jurisdictional element limiting the reach of the statute. See Morrison, 529 U.S. at 611–
13. I now consider those factors.
1. Relation of Activity to Commerce
Noncommercial activity can affect commerce. The Supreme Court has
recognized, for example, that if the activity involves a good that is identical to (fungible
with) goods in commerce, regulation may be permissible. (Do not forget, though, that
activity with respect to goods is “economic” activity. See Raich, 545 U.S. at 25.) In
Wickard, Congress had authorized quotas on the production of wheat because the
industry had been plagued by large surpluses that depressed prices. See 317 U.S. at 113,
125–28. A farmer who grew wheat in excess of the quota (to feed poultry and livestock
on his farm, to use in making flour for home consumption, and for seeding the following
year) challenged the quota, arguing that it regulated noncommercial conduct. See id. at
114, 118. But the Court upheld the quota as a permissible regulation to protect the price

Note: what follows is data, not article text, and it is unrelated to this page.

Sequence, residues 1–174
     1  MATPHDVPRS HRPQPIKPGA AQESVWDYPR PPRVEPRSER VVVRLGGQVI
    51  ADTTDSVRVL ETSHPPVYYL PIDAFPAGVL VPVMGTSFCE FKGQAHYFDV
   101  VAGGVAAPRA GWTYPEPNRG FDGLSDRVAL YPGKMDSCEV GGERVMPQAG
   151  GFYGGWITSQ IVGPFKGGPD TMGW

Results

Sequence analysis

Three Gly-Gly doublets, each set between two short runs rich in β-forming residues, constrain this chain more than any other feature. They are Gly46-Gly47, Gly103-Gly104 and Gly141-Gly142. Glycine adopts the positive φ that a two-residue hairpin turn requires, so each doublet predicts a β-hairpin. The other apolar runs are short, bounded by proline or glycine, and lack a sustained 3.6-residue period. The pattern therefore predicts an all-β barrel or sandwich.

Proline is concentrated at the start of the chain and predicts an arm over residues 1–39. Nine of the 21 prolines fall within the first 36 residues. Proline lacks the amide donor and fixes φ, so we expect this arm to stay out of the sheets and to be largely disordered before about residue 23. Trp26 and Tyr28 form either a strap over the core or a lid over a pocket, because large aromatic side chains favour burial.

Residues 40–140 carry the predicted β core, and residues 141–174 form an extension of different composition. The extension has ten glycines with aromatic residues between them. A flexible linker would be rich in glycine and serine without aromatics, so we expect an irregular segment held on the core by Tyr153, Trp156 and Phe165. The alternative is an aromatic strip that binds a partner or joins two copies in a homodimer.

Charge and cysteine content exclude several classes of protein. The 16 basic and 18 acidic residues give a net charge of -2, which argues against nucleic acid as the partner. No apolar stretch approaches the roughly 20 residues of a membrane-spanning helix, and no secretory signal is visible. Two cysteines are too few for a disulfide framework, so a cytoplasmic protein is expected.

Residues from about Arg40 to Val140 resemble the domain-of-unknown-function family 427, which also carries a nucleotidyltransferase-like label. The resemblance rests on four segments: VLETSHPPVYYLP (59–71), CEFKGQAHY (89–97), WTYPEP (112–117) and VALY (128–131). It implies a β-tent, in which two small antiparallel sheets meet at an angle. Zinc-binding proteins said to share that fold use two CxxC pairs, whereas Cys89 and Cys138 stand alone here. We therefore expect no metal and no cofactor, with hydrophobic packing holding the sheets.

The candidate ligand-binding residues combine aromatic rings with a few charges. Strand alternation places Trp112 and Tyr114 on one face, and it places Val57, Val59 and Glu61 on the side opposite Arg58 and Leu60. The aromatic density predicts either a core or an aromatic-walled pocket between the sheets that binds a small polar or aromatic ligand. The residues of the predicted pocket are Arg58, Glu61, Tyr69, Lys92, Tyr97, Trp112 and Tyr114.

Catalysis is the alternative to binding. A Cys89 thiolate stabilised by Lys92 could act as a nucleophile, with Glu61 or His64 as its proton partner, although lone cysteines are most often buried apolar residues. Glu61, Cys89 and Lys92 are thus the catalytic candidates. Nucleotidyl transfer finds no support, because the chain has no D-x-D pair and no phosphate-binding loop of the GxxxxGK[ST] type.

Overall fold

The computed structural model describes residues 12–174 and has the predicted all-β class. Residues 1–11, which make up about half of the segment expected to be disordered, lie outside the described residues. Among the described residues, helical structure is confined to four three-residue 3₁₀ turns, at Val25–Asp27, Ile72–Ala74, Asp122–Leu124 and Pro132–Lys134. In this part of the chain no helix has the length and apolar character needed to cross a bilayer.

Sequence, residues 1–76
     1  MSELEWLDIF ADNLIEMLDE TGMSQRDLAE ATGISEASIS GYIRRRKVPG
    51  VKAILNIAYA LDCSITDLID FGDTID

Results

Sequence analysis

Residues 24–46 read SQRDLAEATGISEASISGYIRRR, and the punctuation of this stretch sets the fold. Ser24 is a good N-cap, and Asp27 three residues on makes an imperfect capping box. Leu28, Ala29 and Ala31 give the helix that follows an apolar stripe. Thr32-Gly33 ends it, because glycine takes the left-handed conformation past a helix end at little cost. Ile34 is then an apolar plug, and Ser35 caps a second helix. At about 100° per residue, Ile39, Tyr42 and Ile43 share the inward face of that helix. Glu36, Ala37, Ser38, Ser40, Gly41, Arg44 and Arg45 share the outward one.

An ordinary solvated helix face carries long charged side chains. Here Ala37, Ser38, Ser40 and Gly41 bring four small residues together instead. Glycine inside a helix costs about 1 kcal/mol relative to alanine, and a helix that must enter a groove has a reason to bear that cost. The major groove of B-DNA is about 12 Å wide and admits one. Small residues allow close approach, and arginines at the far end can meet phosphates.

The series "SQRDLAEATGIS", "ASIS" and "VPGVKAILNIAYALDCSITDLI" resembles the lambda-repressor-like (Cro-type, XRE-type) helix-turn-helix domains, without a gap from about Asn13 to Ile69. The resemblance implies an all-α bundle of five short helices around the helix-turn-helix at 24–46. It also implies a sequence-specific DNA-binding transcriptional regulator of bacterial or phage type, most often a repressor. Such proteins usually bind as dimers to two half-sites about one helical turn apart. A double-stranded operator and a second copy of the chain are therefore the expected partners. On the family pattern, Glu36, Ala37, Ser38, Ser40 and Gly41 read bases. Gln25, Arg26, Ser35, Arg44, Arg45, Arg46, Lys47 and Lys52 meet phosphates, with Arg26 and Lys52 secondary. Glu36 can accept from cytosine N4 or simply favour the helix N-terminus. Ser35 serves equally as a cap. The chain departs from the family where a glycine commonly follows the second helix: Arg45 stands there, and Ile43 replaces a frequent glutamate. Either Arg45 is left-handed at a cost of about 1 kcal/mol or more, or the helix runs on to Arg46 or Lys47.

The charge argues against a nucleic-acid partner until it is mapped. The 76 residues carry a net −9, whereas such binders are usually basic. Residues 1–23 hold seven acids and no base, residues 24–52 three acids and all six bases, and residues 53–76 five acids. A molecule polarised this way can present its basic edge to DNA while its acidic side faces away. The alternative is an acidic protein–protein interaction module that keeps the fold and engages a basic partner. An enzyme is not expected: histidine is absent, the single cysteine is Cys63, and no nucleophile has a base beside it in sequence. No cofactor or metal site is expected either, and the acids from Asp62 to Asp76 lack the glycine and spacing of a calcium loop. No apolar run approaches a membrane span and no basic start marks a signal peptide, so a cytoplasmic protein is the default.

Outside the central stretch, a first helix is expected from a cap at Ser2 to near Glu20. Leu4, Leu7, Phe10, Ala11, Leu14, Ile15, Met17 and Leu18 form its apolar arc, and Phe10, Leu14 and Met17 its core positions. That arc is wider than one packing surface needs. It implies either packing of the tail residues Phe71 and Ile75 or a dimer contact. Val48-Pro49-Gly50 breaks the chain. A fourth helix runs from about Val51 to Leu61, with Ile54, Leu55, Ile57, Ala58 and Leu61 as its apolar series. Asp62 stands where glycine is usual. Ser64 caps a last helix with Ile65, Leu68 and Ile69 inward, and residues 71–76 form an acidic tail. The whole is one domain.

of a commodity because the aggregate effect of many farmers exceeding the quota would
substantially affect the wheat market. See id. at 127–28. It reasoned that farmers who
grow wheat in excess of the quota purely for home consumption are doing so instead of
buying wheat on the market, thereby decreasing the demand for wheat and undermining
Congress’s goal of boosting the price. See id. at 128–29. “Home-grown wheat in this
sense competes with wheat in commerce.” Id. at 128. Congress therefore had the
authority to regulate wheat grown “wholly for consumption on the farm” to protect the
price of the commodity in commerce. Id. at 118.
Six decades later, the Supreme Court addressed a challenge to the federal ban on
marijuana in the Controlled Substances Act (CSA). The CSA, said the Court, “regulates
the production, distribution, and consumption of commodities for which there is an
established, and lucrative, interstate market.” Raich, 545 U.S. at 26. In particular,
Congress had classified marijuana as a drug with a high potential for abuse and no
accepted medical use, which made its manufacture, distribution, or possession a criminal
offense. See id. at 14. The question was whether those prohibitions could encompass
“the intrastate, noncommercial cultivation and possession of cannabis for personal
medical purposes as recommended by a patient’s physician pursuant to a valid California
state law.” Id. at 8 (internal quotation marks omitted). The Court answered the question
affirmatively because Congress “had a rational basis for concluding that leaving homeconsumed